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February 28, 2024
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Why New Year’s Resolutions Fail and What To Do Instead With Healthy Aging Expert, Sally Duplantier

Why New Year’s Resolutions Fail and What To Do Instead With Healthy Aging Expert, Sally Duplantier
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By: Seraphina Quinn

As our calendars turn to January, it’s once again that time of the year to make your New Year’s resolutions, hoping this time you can finally develop that new exercise routine, quit smoking, lose weight, or make other positive changes in your life. However, sooner rather than later, those good intentions get cast aside as the reality of day-to-day life sets in.

Sally Duplantier, a healthy aging expert and founder of Zing, a health education company focused on helping people develop healthy habits related to diet, movement, sleep, and mindfulness, notes that New Year’s resolutions, though well-intentioned, often fail to generate real change. 

When asked why resolutions falter, Sally highlights three key reasons: Those committing to resolutions tend to depend too heavily on willpower that soon fizzles; they state broad ambitions rather than specific behaviors to change; and they lack an accountability system or community to help them succeed.

Drawing from her experience in helping clients cultivate healthy habits, Sally shares insights into why resolutions often fail

1. The Flawed Reliance on Sheer Willpower

Relying on willpower alone is often not enough to change behaviors. Even with the best intentions, willpower has its flaws and limitations that set us up for frustration.

Take dieting as an example. Sticking to healthy eating seems easy in the morning when our willpower reservoirs are full. Yet by evening, resisting temptations becomes significantly harder as those reservoirs run low throughout the day.

Studies have shown willpower allows us to enter a calmer state to make positive decisions. But it runs out, especially when we’re low on sleep, excessively stressed, or poorly nourished. So, expecting willpower alone to help us stick to New Year’s resolutions quickly sets us up for a harsh wake-up call.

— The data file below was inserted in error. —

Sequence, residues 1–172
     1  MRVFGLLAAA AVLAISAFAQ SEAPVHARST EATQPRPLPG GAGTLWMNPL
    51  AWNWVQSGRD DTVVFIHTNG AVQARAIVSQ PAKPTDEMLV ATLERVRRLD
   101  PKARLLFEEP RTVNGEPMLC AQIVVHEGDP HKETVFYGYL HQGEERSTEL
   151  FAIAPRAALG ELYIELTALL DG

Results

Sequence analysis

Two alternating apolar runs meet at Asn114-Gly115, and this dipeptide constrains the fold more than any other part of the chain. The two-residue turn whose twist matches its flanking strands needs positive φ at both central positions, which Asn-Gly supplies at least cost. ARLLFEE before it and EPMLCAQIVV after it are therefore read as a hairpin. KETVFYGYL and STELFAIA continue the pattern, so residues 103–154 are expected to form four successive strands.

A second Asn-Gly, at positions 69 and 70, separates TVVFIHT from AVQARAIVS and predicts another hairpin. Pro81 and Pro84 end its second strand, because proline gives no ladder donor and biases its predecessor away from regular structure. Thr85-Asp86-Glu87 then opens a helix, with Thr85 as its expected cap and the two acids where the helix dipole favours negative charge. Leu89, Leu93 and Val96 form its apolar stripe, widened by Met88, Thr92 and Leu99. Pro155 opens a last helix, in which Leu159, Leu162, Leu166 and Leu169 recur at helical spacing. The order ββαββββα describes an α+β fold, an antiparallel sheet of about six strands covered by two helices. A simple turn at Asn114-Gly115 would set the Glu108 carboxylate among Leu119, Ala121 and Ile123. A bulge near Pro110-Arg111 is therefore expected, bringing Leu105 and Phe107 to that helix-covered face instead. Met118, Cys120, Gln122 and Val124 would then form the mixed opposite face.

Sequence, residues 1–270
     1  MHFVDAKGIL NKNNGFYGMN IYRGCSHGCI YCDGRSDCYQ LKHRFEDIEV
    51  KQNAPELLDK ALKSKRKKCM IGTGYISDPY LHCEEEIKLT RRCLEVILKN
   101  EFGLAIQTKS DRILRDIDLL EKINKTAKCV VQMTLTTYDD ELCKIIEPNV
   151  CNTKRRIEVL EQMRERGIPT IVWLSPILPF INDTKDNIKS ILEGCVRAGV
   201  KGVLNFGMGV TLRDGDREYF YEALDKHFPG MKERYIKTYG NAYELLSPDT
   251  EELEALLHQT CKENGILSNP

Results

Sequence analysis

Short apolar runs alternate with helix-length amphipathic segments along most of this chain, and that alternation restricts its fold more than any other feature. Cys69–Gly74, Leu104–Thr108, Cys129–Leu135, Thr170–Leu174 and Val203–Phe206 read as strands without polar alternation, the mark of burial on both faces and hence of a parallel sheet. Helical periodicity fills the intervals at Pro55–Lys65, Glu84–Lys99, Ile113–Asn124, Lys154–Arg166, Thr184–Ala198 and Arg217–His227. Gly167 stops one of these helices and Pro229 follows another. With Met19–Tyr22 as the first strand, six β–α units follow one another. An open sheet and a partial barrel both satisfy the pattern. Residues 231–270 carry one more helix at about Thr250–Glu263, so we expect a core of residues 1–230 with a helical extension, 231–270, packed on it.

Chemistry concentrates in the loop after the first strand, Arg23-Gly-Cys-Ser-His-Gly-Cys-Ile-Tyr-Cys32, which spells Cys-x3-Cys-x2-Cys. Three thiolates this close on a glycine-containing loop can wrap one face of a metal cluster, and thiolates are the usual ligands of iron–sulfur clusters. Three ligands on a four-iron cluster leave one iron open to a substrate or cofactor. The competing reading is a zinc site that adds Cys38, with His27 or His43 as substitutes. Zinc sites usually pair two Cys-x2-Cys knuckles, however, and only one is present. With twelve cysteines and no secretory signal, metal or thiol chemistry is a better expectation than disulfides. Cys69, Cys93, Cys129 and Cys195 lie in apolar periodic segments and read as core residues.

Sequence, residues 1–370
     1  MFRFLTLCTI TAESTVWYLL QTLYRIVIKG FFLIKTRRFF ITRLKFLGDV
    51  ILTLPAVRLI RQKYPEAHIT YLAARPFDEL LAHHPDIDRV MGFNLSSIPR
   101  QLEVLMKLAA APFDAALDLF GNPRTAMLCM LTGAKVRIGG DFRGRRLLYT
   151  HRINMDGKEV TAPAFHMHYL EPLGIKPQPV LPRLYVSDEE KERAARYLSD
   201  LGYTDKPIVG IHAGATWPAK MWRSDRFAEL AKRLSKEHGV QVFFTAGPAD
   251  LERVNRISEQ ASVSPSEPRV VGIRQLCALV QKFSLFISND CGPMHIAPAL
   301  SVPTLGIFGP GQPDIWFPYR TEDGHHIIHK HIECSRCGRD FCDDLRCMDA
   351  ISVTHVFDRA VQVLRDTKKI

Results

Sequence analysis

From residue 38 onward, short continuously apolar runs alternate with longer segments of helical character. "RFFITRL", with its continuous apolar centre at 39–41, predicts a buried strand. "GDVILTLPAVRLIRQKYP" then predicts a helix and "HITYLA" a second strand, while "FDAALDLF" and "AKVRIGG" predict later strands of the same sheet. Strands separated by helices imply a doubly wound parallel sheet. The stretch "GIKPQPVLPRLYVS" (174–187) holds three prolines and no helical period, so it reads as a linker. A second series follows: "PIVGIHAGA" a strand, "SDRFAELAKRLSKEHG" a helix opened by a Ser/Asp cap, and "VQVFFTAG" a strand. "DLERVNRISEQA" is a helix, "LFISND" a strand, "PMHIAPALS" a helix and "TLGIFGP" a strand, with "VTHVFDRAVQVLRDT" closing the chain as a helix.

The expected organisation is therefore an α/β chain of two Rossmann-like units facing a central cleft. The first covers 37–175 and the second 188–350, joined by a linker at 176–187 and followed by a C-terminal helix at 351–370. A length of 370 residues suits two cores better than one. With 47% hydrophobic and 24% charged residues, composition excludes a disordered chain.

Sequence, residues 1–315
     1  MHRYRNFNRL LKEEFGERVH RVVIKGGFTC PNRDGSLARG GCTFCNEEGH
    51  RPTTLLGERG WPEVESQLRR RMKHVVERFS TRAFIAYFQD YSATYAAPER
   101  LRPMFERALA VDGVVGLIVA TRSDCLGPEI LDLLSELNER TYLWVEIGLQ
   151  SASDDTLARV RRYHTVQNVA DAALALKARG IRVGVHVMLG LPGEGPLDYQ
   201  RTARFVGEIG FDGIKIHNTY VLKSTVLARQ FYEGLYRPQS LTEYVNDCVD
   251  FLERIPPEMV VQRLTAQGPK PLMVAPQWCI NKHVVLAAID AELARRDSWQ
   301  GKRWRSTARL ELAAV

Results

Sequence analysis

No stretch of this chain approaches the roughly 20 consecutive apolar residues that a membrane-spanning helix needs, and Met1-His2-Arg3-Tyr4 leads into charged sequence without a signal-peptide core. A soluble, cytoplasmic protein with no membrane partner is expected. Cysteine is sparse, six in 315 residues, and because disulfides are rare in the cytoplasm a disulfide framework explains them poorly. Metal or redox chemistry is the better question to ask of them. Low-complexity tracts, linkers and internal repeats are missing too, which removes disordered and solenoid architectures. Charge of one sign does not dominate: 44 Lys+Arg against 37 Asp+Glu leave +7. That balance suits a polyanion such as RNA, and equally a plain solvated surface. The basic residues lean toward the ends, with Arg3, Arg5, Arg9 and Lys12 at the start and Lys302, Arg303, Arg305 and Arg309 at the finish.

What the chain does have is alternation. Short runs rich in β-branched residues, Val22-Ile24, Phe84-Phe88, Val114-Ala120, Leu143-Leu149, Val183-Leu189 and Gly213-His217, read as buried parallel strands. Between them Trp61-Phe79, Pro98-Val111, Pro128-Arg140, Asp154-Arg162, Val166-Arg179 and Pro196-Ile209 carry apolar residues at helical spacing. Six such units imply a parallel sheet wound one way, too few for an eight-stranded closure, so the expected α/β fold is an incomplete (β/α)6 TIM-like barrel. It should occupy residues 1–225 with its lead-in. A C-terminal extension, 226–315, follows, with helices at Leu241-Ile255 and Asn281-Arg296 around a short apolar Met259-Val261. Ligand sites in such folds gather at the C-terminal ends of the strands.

2. Defining Goals Too Vaguely

The resolutions we set heading into the new year also often fail because of vagueness. Saying “I’ll eat fewer snacks” seems like a good goal, but fewer than what? Without defining exact criteria and measurable goals, you’re setting yourself up to fail.

Something like “I’ll limit myself to one fruit snack per day,” is much clearer and easier to follow! It also frames the change as adding a positive habit, which research shows is more sustainable. With clarity, visions manifest through manageable actions. If you want change, be specific. Vagueness is ambition’s worst enemy.

3. Lacking Accountability and Support  

Resolutions also often fail because they rely too heavily on self-motivation alone. Telling ourselves we will start the habit of walking every day is very different from actually meeting friends three times a week for 30-minute walks. As Sally notes, having a community of positive role models who support our goals makes change far easier to achieve and sustain. 

Likewise, having an accountability partner drastically increases follow-through. Knowing we will text our progress to someone else makes it much harder to justify breaking commitments to ourselves. With others walking beside us, the journey makes change less intimidating, and with every small win, what felt impossible alone becomes our new normal.

Why New Year’s Resolutions Fail and What To Do Instead With Healthy Aging Expert, Sally Duplantier
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The Power of Habits and Community Support  

Through the Healthy Habits Network, Sally aims to help members build healthy routines together around diet, exercise, sleep, and mindfulness. Members connect in support groups and as “accountability buddies,” to encourage each other to achieve their goals.

“I’ll never forget one of our Healthy Habits members who had a resolution to incorporate more cardio into her mornings. She simply began by putting on her gym shoes first thing after waking. Just that one small change was the start. Over weeks, she added other supporting habits—limiting early emails, queuing up workout videos the night before, and even texting her buddy when she finished her routine.”

It was all small steps, but having that community partnership made every little win feel huge and kept her pumped up to build it into an automatic habit. “Guided by encouragement from her group, what felt impossible at first soon became her regular reality,” Sally mentions.

It Won’t Stick Without Intrinsic Motivation  

Of course, lasting change requires self-motivation. No program or buddy system matters if you aren’t invested. Sally says focusing on how new habits make you feel physically and emotionally is key. When you feel better, you stay committed.

So this January 1st, instead of vague resolutions, try picking one small habit and concrete plan to make it stick. Get an accountability partner to check in with. Focus on the positives if you slip up instead of getting discouraged. With time, lasting change is possible!

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